Access and Feeds

Retail and Facial Recognition: How Much are You Willing to Give up for Convenience?

By Dick Weisinger

Your face is unique and AI is being perfected to recognize anyone’s face. As a biometric identifier, the capability of facial recognition is powerful, obsoleting the need for passwords, drivers licenses, and other identifiers. It makes things easier. It also makes it much easier to perform surveillance and tracking, which can have severe privacy implications. There is a worry of Big Brother and Big Tech and what will be done with the dossier that gets collected of your past actions and movements.

Retail in particular has jumped on the use of facial recognition. Facial recognition can be useful in improving sales by knowing more about whom you are selling to and lets retailers tailor the store experience to the customer. It provides convenience by enabling contactless payments to speed up your time in stores. And it can also be used as a tool for security to help prevent and track down theft and fraud.

But then there is the downside of the technology.

Caitlin Seeley George, campaign director for Fight for the Future, said that “facial recognition vendors are taking advantage of the pandemic to promote the technology to offer hands-free payments or monitor the distance between people, and stores are promoting them as features for safety and convenience. But the truth is, you’re giving up so much more than that.”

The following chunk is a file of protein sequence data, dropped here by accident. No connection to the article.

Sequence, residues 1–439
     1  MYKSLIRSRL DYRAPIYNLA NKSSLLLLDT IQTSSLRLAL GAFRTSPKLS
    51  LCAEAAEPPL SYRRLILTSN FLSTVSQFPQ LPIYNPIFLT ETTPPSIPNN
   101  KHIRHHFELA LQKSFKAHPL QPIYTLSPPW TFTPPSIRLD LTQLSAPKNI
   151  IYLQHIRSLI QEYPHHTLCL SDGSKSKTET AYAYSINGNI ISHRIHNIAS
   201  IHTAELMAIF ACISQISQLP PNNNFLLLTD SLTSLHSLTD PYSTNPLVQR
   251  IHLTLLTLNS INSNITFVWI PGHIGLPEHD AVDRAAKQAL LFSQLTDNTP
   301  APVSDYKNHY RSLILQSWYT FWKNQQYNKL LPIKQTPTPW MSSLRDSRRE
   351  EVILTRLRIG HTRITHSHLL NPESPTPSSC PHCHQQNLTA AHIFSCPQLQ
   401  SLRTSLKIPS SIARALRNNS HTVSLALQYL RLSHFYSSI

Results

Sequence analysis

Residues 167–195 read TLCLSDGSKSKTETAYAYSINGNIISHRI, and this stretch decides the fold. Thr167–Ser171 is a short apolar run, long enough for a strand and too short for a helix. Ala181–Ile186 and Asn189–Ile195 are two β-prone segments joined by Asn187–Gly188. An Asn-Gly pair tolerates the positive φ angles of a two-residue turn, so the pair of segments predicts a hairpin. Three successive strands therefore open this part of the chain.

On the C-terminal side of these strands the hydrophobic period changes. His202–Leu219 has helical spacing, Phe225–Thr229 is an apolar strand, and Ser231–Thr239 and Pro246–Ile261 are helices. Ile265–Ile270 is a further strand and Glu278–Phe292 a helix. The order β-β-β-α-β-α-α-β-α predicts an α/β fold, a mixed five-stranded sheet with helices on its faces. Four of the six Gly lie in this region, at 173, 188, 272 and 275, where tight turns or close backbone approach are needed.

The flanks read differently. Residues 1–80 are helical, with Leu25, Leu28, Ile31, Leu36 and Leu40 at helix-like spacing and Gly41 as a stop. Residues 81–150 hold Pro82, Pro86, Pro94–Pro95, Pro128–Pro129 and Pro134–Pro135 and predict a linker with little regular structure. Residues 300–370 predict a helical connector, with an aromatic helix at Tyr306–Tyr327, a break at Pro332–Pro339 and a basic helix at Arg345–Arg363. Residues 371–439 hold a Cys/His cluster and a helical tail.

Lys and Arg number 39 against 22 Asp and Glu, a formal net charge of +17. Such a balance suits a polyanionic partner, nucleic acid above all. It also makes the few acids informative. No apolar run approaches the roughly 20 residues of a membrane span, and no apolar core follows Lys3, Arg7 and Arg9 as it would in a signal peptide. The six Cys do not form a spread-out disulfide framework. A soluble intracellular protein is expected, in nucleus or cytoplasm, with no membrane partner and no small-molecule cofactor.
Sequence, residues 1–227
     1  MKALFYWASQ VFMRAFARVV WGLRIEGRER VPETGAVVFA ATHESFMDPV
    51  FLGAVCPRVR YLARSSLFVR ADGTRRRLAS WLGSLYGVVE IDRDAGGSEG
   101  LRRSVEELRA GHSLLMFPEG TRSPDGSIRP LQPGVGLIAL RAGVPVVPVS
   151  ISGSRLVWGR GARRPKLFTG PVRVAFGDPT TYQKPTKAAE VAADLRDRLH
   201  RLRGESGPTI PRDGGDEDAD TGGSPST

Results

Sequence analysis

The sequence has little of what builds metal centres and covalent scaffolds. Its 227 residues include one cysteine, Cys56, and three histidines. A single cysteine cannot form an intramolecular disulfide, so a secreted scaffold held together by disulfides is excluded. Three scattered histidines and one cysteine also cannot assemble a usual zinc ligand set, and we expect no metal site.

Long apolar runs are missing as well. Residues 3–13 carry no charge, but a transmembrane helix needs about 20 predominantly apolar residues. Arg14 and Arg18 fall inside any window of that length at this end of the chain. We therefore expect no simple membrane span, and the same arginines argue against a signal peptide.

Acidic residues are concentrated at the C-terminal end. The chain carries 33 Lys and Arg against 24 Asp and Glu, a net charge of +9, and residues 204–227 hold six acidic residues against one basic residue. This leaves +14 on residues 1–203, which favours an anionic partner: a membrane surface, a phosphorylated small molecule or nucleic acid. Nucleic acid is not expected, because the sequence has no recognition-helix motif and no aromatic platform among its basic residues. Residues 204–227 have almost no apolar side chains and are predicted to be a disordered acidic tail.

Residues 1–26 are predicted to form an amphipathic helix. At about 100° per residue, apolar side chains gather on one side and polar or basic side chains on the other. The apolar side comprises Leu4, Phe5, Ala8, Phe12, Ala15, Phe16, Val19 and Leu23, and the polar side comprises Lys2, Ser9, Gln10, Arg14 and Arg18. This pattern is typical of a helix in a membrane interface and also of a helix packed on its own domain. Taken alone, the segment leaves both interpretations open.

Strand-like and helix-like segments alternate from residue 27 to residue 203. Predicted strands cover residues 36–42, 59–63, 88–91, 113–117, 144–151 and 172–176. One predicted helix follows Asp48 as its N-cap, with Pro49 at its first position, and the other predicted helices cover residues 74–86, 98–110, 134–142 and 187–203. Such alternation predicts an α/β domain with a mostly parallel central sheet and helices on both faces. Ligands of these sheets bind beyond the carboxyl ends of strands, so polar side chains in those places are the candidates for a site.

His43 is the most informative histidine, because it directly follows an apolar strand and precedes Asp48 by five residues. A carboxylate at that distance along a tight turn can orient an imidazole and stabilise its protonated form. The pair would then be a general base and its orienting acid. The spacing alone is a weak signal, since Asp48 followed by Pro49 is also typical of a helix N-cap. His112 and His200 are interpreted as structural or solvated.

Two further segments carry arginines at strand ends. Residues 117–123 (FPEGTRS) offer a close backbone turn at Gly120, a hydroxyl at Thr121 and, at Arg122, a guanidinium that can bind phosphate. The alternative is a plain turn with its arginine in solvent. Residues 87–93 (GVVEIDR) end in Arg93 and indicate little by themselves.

George said that “companies say they offer facial recognition in the name of ‘convenience’ and ‘personalization’, but their real priorities are protecting and predicting their profits, ignoring how they abuse peoples’ rights and put them in danger. The stores that are using or are considering using facial recognition should pay attention to this call from dozens of leading civil rights and racial justice organizations who represent millions of people. Retailers should commit to not using facial recognition in their stores so we can champion their decision, or be prepared for an onslaught of opposition.”

Brenda Leong, Senior Counsel and Director for Artificial Intelligence and Ethics at the Future of Privacy Foundation, said that “if someone walks into a drug store and they can intuit that they are anxious or worried, are they going to try to market them a sleep aid?. Some retailer could take advantage of someone’s emotional state without that person’s knowledge. There’s a real imbalance of power there.

Tawana Petty, the national organizing director at Data for Black Lives, echoed the sentiment from a perspective of profiling and discrimination, saying that “these cameras using facial recognition are monitored at real-time crime centers, police precincts, and on officers’ mobile devices 24/7. It’s difficult to explain the psychological toll it takes on a community, knowing that your every move is being monitored by a racially biased algorithm with the power to yank your freedom away from you.”

Ahmer Inam, chief AI officer at Pactera EDGE, told ZDnet that “using a mindful AI approach, a powerful tool like facial recognition can yield tremendous benefits for the consumer — as well as the retailer. But values such as privacy, transparency, and ethical-use have to be top-of-mind during the build.”

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